By: GDB Graduate Maia Scott
Throughout my life, people have asked me, “What do you see?” Having nothing to compare it with, I do my best to describe my vision in some way a sighted person might understand. It took many years for me to finally realize I am not the only one who sees differently. I discovered you can put a pack of people who see 20/20 into a space and all of them focus on different things.
After fighting against allowing my vision impairment to influence my visual art and performance, I decided to do my MFA thesis project on seeing.
The San Francisco Public Library - Library for the Blind and Print Disabled on the 2nd Floor allowed me to fill the space with installations that invited visitors to interact, explore, and share how they see things. One of these pieces still lives there on a big wall near the office. Library staff and patrons say it's a useful landmark as well as something fun to explore. This collection of 100 squares of text based abstract art, aptly titled Squared, invites the viewer to puzzle out 100 positive words. Each square is comprised of the letters of one word transformed; their letters re-sized, flipped, tilted, and layered to take on new life in the constraints of the beloved square. The end result is little works of abstract art. When I read, and even when I use my functional vision to identify things, I often have to tap into my understanding of the general shape to puzzle out what words and things might be. Viewers of Squared are encouraged to take a moment to play with shape, just as I do, in order to see what words emerge for them. Seeing is subjective and involves a game of matching to memory, and making it up along the way. Quite often, I identify words, letters, and other things simply by the way they are shaped. Unknown images wait close at hand until I am ready to learn how to see them. And there are times when I let my imagination take over and witness the words and letters becoming wondrous creations of color and motion.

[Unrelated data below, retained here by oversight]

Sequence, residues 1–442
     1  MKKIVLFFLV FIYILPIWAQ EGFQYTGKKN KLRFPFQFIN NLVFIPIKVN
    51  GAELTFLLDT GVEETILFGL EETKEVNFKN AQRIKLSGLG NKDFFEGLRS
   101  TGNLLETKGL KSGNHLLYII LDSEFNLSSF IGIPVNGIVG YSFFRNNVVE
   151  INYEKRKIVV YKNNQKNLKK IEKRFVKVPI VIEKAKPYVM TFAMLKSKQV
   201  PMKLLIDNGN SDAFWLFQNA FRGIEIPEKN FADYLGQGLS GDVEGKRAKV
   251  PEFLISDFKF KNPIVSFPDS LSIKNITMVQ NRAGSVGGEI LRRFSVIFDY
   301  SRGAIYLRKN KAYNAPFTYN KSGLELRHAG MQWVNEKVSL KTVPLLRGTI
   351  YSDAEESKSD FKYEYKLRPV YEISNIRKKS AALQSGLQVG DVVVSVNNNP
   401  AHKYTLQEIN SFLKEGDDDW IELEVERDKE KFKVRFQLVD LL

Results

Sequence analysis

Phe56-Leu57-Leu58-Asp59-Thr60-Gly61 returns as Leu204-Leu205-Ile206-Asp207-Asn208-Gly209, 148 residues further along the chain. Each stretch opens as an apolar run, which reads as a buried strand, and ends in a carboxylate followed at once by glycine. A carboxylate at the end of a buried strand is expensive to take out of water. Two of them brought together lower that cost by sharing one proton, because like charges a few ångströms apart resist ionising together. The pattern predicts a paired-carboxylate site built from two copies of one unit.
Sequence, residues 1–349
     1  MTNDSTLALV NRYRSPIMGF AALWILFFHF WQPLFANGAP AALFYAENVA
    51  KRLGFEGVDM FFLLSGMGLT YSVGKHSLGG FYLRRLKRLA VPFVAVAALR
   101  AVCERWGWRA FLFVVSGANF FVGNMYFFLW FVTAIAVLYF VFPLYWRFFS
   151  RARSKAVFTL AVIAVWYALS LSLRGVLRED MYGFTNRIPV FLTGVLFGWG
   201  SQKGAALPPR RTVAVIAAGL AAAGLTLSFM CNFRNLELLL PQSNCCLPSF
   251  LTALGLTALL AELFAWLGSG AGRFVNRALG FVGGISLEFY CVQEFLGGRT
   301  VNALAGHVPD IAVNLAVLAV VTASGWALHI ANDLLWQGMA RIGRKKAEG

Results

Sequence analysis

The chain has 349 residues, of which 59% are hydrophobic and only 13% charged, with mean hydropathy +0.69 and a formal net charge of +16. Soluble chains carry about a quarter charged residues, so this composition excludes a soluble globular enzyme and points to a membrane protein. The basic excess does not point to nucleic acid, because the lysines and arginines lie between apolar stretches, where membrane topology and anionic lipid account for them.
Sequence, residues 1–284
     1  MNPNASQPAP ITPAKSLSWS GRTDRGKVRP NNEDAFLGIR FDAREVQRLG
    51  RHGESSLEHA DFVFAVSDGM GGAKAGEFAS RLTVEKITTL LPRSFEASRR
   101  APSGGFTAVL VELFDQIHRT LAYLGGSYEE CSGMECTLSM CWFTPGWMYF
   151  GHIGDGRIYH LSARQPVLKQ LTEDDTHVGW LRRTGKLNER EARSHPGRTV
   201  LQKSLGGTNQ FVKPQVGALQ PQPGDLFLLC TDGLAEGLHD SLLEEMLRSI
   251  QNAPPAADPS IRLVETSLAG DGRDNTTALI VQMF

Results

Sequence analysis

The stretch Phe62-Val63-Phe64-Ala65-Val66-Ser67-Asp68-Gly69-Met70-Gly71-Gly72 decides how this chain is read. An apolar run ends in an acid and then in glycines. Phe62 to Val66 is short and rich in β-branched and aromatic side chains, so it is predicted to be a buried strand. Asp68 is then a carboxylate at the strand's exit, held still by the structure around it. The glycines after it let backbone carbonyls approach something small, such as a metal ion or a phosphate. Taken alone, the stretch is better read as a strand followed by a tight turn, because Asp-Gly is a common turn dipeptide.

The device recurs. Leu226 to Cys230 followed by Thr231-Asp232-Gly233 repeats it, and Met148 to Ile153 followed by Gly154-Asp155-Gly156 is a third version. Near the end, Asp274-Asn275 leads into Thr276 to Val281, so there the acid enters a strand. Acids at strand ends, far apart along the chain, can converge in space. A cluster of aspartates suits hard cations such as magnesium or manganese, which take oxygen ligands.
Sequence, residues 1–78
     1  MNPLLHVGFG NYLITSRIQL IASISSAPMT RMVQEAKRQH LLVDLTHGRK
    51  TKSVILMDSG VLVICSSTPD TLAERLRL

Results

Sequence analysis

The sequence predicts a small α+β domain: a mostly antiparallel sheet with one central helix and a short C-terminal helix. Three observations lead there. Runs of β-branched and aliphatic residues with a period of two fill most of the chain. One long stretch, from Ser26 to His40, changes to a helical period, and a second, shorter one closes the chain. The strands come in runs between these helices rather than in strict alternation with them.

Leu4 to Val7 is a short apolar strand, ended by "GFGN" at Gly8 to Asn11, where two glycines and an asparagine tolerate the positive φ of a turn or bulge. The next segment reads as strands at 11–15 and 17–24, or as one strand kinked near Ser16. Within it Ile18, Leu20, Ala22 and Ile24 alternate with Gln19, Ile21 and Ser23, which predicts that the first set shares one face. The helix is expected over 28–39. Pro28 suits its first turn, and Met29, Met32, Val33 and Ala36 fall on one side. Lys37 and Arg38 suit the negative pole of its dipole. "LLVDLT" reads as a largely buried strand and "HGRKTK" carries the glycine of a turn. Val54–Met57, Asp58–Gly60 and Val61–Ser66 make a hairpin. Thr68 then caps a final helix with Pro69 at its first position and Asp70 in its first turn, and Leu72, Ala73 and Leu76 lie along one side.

Focusing on how to see differently also helped me to explore things through my guide dog Fiddler's eyes. A dog's eye view has taught me to live more deeply in the moment, appreciate the simple things, and that tennis balls are really, really big when sitting in front of your nose. Partnering with a guide dog has enabled me to use my functional sight to play with the shapes around me, allowing me the chance to embrace my seeing as the wild, abstract art that it is without fear or judgment.